Whether you’re standing or seated, try this quick test: hunch your shoulders forward, then hunch your back forward at the same time. Take a deep breath. Now, straighten your back and then roll your shoulders back away from your ears, opening your collar bones. Take a deep breath.
No doubt your lungs inflated much easier, with a deeper and fuller breath when the spine was straighter and the heart was open through the expanded collar bones and shoulders, versus when your body was crumpled forward.
Got a hunch?
Most of us spend our time crumpled forward: sitting at the computer, hunched over our desks, using our smart phones, reading a book, holding the steering wheel…the list goes on.
If you think about all of the important organs in that area, you can understand how a hunching posture can affect the body as well as the mind.
While yoga stretches our muscles it also teaches us to breathe well, stand well and sit well, which all help to optimize our body’s functions.
The problem is that we don’t always remember what optimal alignment is when we leave our yoga mat.
The breath reflects the mind.
Think of the types of breath felt during different emotions: loud exhalations from frustration, hyperventilation when over excited, smooth breath when you’re calm, or shallow short breath when you’re sad or depressed.
Our mind affects the breath, and the breath affects our nervous system. This is why proper deep breathing during yoga practice, or any time, calms the mind and body.
Posture affects the mind and body.
Now visualize the position your body when hunched forward. The chest is closed. And so is the heart. Physically and energetically. Closing the chest area shortens the breath and, in turn, actually affects the mind with feelings of boredom, depression, anger, stress or frustration because it’s not bringing in the fullest capacity of oxygen and energy to the body and not allowing it to relax.
Therefore, longer exhales stimulate the parasympathetic nervous system, allowing the body and mind to come to a more relaxed state.
A little too hard to swallow?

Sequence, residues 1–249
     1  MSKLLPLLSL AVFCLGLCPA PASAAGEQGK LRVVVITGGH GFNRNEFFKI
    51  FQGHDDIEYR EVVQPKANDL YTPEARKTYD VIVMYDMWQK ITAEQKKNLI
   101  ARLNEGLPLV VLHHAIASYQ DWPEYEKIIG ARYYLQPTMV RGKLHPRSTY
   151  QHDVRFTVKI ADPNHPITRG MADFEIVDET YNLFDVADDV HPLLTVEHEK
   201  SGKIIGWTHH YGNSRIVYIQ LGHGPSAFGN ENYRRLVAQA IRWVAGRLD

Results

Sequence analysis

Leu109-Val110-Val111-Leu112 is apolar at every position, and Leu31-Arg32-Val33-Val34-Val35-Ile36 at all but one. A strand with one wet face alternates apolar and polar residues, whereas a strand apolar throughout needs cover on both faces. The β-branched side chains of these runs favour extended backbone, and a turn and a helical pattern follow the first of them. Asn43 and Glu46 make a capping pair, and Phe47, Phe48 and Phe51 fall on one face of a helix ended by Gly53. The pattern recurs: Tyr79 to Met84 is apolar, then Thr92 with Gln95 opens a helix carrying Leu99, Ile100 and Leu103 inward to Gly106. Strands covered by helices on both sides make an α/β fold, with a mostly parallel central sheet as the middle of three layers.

Is it any wonder why heartburn remedies are often out of stock at the drugstore?
With our everyday habits of hunching, not only are we compromising our breath, but also our digestion.
Keeping the alignment of the head and neck, in addition to opening the chest and proper breathing can alleviate GERD (gastroesophageal reflux disease), and help with some of the symptoms that are linked to this digestive issue, including stress.
Open your heart for better health.
The best way to alleviate hunching shoulders is to work on heart opening poses that open the shoulders and straighten the spine.
Below are five poses to open your heart. While holding each pose, also concentrate on filling the lungs with a slow deep breath.
2. Tadasana with hands clasped behind the back, or grabbing opposite elbows.
3. Gomukhasana arms. Use a belt or strap if your arms are too tight.
4. Matsyasana (Fish pose). Try a restorative version using a supportive rolled-up blanket under the shoulder blades.
5. Ustrasana (Camel pose). For an easier option, simply take your hands to your lower back with your fingers pointing upward and shoulders open, and arch your back.
As you begin to open your heart with a few yoga poses and deep breathing, also be mindful throughout your day as you sit – notice when your shoulders are hunched, and notice what you’re thinking. You might be surprised how easily you can change your mood with a more open heart.